This study evaluates the impact of access to microfinance on female labour force participation and childbearing in the long-term.
Microfinance is key to greater participation of women in the labour force. The past two decades have witnessed a rapid increase in the availability of microfinance loans to female entrepreneurs in South Asia. Greater access to formal loans allows formerly credit constrained individuals to expand or start small businesses, thereby increasing household income. Short-term experimental evaluations have pointed towards a lack of significant impact of microfinance on women in terms of empowerment and other economic benefits. This study constitutes the first rigorous investigation of the long-term causal effects of credit access on female labor force participation. the study took advantaged of its long-term nature to also explore impact of access to microfinance on an understudied aspect – fertility.
Conducted in collaboration with Shri Mahil Self-Employed Women’s Association (SEWA) Bank, the study was set in the city of Ahmedabad in Gujarat, India. The study employed two rounds of household surveys among its targeted sample which comprised of 3,676 respondents. The first round of survey collected socio-economic characteristic information for the respondents in both 2009 and 1999. The second round of surveys was conducted in 2014-2015. In addition to the primary data source, the study also derived from two complementary sources of information:
(1) Residence history and socio-economic information of all individuals who have worked for SEWA bank as loan officers in the period 1999-2015.
(2) Secondary administrative data from SEWA, which includes savings and loan transaction records.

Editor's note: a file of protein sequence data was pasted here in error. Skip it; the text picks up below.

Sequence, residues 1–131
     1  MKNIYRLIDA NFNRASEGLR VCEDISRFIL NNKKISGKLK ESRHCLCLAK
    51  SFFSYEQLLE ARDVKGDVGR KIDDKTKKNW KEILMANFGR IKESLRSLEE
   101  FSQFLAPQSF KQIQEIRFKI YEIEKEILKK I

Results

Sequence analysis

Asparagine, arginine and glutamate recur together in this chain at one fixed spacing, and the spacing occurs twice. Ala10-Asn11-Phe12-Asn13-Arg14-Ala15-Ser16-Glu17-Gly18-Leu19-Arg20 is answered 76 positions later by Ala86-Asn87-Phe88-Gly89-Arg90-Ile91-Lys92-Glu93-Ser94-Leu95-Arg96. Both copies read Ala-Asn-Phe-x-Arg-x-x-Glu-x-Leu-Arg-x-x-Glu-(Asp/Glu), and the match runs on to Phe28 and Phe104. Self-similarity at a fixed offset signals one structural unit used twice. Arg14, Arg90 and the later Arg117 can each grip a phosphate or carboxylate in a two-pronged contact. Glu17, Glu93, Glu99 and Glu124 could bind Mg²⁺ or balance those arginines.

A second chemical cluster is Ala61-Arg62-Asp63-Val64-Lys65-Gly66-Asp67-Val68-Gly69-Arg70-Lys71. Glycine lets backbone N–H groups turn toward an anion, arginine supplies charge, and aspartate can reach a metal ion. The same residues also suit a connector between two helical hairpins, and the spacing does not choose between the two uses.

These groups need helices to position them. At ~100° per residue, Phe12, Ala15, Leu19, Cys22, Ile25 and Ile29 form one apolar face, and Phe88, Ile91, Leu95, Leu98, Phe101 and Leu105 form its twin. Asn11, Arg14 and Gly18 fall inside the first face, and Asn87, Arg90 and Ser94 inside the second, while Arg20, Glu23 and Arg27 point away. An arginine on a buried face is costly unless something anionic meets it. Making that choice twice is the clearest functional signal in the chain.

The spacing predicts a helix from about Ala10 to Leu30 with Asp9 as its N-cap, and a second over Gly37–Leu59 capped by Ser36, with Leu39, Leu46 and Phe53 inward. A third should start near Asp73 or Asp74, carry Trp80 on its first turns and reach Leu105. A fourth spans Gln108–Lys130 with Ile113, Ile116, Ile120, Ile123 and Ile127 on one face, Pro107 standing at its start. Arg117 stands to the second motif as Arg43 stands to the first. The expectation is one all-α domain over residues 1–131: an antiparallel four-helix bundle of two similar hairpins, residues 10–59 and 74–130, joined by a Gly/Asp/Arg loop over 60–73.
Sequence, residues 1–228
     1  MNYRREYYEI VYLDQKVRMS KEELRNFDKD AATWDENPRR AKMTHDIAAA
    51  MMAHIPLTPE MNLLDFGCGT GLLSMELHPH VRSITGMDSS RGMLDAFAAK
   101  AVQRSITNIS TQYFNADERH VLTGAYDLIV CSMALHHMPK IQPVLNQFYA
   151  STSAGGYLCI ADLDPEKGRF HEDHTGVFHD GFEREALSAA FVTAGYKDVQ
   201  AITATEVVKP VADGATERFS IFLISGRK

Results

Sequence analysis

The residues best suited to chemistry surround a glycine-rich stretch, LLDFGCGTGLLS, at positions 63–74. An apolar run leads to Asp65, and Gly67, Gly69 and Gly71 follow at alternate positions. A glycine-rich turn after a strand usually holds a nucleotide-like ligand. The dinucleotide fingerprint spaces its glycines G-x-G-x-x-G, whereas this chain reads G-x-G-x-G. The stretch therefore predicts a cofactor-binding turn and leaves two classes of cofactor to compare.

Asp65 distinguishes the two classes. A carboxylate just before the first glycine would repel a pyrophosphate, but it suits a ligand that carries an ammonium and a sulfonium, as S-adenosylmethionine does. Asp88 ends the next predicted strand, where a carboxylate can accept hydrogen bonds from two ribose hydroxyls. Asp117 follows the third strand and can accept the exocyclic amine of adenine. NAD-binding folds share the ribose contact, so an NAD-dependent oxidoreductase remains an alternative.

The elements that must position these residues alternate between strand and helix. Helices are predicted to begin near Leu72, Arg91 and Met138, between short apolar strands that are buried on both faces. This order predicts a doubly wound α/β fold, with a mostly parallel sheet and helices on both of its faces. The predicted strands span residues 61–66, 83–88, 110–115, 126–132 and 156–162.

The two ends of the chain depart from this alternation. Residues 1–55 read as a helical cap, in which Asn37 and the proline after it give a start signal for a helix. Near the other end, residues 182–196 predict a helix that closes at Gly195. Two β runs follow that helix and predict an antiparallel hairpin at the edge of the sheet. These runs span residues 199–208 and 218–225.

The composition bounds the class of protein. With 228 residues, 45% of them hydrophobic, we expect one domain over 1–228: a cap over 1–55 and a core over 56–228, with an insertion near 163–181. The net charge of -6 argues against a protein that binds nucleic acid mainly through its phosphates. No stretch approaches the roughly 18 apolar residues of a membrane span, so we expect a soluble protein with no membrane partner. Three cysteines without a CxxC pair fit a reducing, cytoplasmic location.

Detailed geographic locations of clients and collection officers allowed us to construct a quasi-random instrument of access to micro-credit.
The results provide evidence that access to microfinance increases rates of female labor force participation and women’s share of household income, though it had negligible impact on total household income. The study also found that changes in the female labor force participation and the household earnings shares following microfinance access were associated with large reductions in the number of children in the household.
Given these results, a second round of follow-up data is being undertaken. This data focuses on demographic and reproductive outcomes, as well as more concrete measures of decision-making power within the household. The outcomes of interest are total fertility (gathered through reproductive histories), demand for children by both husbands and wives, and female decision-making power. This will enable the researchers to build on their previous impact evaluation and test whether changes in labor force participation and household earnings shares that result from greater access to microfinance loans are also associated with reductions in fertility and increases in female decision-making power within the household.